Diisocyanates: The 0.1 % limit
Why does the EU want to regulate the processing and handling of diisocyanates in the polyurethane industry?
Joachim Petzoldt: In 2012, the German Federal Institute for Occupational Safety and Health (Bundesanstalt für Arbeitsschutz und Arbeitsmedizin) looked at monomeric diisocyanates as substances that can have a respiratory or skin sensitising effect if appropriate protective measures are not adhered to. Although the number of corresponding occupational illnesses has been declining for years, for example in Germany, the German and later the European REACH authorities saw a need for action. Of course, Covestro and other manufacturers also have a keen interest in ensuring that diisocyanates are handled responsibly.
I would like to emphasise in particular that handling cured polyurethane products such as coatings or adhesives does not lead to respiratory or skin diseases. Only reactive polyurethane raw materials can cause such diseases if they are handled improperly.
REACH has several tools to protect human health and the environment. In the case of diisocyanates, the issue concerns a restriction, not a conceivable authorisation (approval). What’s the significance of that?
Dr Joachim Petzoldt
Petzoldt: The authorisation procedure is used for substances of very high concern (SVHC). Such substances must not be used for the time being. Applicants must convince ECHA that the risks of the chemical are under control and that the socio-economic benefits of its use outweigh the risks. However, even if ECHA subsequently approves the chemical, it is approved on a temporary basis and subject to the proviso that the substance in question is gradually replaced by alternatives. Nevertheless, ECHA has not classified diisocyanates as being of very high concern but has only established certain requirements for handling and use. It has thus chosen the instrument of restriction which is also supported by diisocyanate producers and the PU industry.
What restriction is planned for diisocyanates?
Petzoldt: Basically, only trained personnel will be allowed to handle diisocyanates. Consequently, anyone working with PU hardeners whose residual monomer content of free monomeric diisocyanates is greater than 0.1 % by weight must be trained. Trained employees receive a Europe-wide certificate that is valid for four years. After that, the respective employee must participate in a training course again. With this restriction, the authorities are imposing responsibility on the entire PU industry. What is already required in the chemical industry – in Germany via the Hazardous Substances Ordinance and in other European countries via similar laws – is now being extended to the entire supply chain.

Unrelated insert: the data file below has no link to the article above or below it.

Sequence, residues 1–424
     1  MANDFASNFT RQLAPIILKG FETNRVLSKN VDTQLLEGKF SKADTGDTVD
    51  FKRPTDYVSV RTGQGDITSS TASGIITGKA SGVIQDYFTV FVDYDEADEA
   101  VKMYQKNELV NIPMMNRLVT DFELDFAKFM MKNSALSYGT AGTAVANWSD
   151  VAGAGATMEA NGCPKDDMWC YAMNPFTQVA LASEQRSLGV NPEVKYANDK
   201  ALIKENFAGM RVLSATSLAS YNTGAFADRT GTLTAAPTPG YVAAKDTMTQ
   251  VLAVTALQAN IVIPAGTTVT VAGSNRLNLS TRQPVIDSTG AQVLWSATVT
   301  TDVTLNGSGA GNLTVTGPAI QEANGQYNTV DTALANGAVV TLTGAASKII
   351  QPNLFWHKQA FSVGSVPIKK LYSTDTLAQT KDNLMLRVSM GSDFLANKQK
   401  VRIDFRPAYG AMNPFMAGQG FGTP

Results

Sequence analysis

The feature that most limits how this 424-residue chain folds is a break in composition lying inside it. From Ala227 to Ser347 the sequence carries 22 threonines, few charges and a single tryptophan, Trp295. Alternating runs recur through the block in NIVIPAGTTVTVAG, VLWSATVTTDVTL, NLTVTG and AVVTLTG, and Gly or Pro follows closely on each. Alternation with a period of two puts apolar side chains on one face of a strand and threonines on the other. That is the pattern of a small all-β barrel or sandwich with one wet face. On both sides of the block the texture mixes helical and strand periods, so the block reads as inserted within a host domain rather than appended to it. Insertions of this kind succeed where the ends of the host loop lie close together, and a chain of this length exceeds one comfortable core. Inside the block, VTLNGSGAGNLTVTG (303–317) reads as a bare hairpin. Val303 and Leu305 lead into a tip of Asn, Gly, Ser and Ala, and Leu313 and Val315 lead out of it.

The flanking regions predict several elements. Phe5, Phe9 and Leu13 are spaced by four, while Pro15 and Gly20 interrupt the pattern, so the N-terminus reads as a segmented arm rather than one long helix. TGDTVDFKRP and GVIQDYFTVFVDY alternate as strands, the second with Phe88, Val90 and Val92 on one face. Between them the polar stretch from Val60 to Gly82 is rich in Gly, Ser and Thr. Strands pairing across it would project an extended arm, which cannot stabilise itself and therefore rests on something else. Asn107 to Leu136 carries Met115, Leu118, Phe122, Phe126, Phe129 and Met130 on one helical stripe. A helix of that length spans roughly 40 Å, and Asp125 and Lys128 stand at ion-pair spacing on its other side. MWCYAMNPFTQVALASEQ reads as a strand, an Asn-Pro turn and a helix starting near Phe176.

Are there no exceptions to the 0.1 % rule?
Petzoldt: In principle, yes. An applicant will then have to prove to the authorities, on an application-specific basis, that the product in question with a free diisocyanate content of over 0.1 percent poses no hazard in the process. A possible example could be the repair of small defects in windscreens using a 2K PU adhesive applied with a double cartridge. The risk of diisocyanate exposure is very low. On the other hand, it will be impossible to obtain an exemption for the spray application of 2K PU systems, for example.
When will the restriction start to apply?
Petzoldt: We assume that the EU Commission will issue the restriction somewhere in 2019. The obligation to use only trained personnel when handling diisocyanates will then be subject to a transition period of four years. This means that we expect every employee to be trained by a key date in 2023. The transitional period is imperative because the industry, through its associations, must define the concept and content of the training courses and organise them throughout the EU.
As a major isocyanate producer, how does your company assess the restriction?
Dr Stefan Sommer